Arts & Culture

Wichita theater 2015: ‘Billy Elliot the Musical,’ ‘Sister Act’ on tap

“Sister Act” comes to Wichita Feb. 3-5.
“Sister Act” comes to Wichita Feb. 3-5. Courtesy photo

Not all of Wichita’s theaters have announced their 2015 schedules, so there may be some unknown gems waiting in the wings for next year. But already on tap is a slate of local and regional premieres of just-off-Broadway offerings and national prize-winners to get local theater-lovers excited. Here are some of my picks to look forward to:

▪  “Billy Elliot the Musical”: Based on the acclaimed 2000 British film, this compelling, inspiring and joyous musical by Elton John and Lee Hall is about a 12-year-old boy from a dingy mining village who dreams of making his mark in the world of ballet. The story takes place during a crucial miners’ strike and government crack-down, which forces the boy’s at-first-skeptical family and neighbors to unite and let his dreams for a better life become their own. The show won 10 Tony Awards, including best musical.

Details: Music Theatre Wichita; July 8-12; Century II Concert Hall; individual show tickets not available until May but season tickets for all five shows available at MTW box office at 316-265-3107; $110-$205 matinees, $116-$255 evenings.

▪ “Sister Act”: Based on the popular Whoopi Goldberg comedy of the same name, this buoyant and soulful musical by composer Alan Menken (“Disney’s Beauty and the Beast”) and lyricist Glenn Slater tells of a nightclub singer on the run from vengeful mobsters who hides out in a convent. While there, she begins to redeem her past sins by joining the nuns’ choir and opening them up to liberating new musical perspectives. It was nominated for 10 Tonys, including best musical.

Details: Theater League; Feb. 3-5; Century II Concert Hall; 316-303-8100 or www.wichitatix.com; $45-$85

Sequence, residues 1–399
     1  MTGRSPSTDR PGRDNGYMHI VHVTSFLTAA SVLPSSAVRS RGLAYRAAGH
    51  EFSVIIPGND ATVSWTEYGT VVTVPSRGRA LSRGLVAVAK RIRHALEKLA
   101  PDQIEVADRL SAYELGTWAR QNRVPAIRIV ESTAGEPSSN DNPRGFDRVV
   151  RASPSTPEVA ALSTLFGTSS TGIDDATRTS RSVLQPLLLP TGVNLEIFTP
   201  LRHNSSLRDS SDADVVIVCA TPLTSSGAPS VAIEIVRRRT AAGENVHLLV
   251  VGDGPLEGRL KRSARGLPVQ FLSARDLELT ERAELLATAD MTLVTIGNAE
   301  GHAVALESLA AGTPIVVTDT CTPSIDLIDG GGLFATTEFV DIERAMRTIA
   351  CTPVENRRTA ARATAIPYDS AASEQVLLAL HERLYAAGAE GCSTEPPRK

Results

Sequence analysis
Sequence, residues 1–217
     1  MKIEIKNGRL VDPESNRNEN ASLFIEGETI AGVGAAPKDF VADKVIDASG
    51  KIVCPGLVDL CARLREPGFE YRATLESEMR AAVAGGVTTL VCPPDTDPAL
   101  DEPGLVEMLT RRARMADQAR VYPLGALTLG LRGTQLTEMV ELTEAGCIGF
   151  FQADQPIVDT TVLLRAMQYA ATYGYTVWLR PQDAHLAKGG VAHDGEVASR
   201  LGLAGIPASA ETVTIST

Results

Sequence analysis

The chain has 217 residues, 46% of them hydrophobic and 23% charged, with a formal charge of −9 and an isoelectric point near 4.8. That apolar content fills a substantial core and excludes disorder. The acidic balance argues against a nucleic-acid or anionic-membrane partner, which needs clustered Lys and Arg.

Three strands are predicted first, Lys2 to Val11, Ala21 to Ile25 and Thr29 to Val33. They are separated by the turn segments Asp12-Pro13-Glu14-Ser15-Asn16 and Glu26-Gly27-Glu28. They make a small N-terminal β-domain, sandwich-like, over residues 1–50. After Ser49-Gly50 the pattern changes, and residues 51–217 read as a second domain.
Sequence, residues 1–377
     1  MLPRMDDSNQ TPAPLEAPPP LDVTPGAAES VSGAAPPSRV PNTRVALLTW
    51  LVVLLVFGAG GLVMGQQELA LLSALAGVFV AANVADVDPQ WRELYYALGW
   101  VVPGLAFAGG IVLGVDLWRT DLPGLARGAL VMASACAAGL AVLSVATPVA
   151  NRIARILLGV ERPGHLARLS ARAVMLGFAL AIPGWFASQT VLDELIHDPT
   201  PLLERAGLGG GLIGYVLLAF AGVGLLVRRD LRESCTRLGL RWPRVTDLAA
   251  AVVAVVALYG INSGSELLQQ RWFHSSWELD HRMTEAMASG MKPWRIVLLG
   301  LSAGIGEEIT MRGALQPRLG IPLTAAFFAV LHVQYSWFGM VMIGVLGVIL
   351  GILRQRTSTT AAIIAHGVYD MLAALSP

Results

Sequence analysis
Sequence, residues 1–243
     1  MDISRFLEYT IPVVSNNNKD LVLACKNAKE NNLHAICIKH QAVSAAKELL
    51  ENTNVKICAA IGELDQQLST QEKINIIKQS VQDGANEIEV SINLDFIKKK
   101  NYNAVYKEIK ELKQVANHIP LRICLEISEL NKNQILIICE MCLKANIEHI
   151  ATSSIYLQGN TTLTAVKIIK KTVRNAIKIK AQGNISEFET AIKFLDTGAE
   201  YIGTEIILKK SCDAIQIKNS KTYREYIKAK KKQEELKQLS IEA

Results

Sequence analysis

▪  “Cold Sassy Tree”: Opera legend and Kansas native Samuel Ramey heads the cast of Carlisle Floyd’s opera, based on the Olive Ann Burns novel, about scandal in a small southern town when a recent widower announces plans to marry a much-younger woman. Also featured is Karla Burns, a Wichita native and WSU alum who made her mark on Broadway and was the first African-American to win the Olivier Award (the equivalent of Broadway’s Tony) in London.

Details: Wichita State University Theatre; April 9-12; Miller Concert Hall of Duerksen Fine Arts Center; tickets available at 316-978-3233; $16 general public, $14 faculty/seniors/military, $6 non-WSU students, free for WSU students.

▪  “Big Fish”: This fanciful and heart-warming musical, which just closed on Broadway last December, is about a garrulous traveling salesman whose incredible, larger-than-life adventures thrill everyone around him – except his skeptical son, who wants to know the truth behind the stories. Based on the Daniel Wallace novel and the Tim Burton movie, this romp was adapted by John August with music and lyrics by Andrew Lippa (“The Addams Family,” “The Wild Party”).

Details: Music Theatre Wichita; July 22-26; Century II Concert Hall; individual show tickets not available until May but season tickets for all five shows available at MTW box office at 316-265-3107; $110-$205 matinees, $116-$255 evenings.

▪  “Vanya & Sonia & Masha & Spike”: This 2013 Tony Award winner as best play is Christopher Durang’s loving and amusing, modern-day send-up of Anton Chekov’s classic “The Cherry Orchard” about three middle-aged, unmarried siblings who are faced with losing their ancestral home. Two of them are spoiled, overgrown children supported by the third, a flamboyant movie star whose life with a hunky, dim-witted boy-toy, sparks family tensions. You don’t have to be a Chekov scholar to get the joke and enjoy the fun.

Details: Guild Hall Players; March 12-15; auditorium of St. James Episcopal Church, 3750 E. Douglas; tickets available at 316-683-5686; $12 general, $10 students.

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